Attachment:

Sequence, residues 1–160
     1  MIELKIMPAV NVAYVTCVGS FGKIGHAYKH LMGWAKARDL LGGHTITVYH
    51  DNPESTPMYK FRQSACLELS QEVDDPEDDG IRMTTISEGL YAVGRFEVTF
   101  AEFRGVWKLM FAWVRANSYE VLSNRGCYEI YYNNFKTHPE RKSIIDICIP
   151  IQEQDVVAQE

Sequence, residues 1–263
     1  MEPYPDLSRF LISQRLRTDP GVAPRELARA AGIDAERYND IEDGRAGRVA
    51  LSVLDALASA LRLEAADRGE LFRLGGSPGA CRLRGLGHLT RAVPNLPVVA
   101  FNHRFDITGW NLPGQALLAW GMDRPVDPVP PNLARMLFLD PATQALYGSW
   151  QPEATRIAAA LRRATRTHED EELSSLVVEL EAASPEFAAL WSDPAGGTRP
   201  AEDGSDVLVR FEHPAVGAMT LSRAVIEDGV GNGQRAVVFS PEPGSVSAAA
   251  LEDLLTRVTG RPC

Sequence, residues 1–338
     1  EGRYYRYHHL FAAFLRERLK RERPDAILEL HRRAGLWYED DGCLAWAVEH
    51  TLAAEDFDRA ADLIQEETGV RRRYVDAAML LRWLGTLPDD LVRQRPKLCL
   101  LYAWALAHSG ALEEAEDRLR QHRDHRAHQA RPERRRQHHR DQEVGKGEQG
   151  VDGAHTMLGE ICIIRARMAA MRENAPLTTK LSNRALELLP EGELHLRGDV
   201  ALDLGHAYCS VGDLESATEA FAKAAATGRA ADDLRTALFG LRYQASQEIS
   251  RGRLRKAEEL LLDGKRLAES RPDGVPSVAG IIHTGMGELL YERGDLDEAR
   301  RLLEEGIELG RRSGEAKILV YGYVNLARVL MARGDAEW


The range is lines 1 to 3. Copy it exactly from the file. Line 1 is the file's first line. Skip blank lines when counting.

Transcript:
Sequence, residues 1–160
     1  MIELKIMPAV NVAYVTCVGS FGKIGHAYKH LMGWAKARDL LGGHTITVYH
    51  DNPESTPMYK FRQSACLELS QEVDDPEDDG IRMTTISEGL YAVGRFEVTF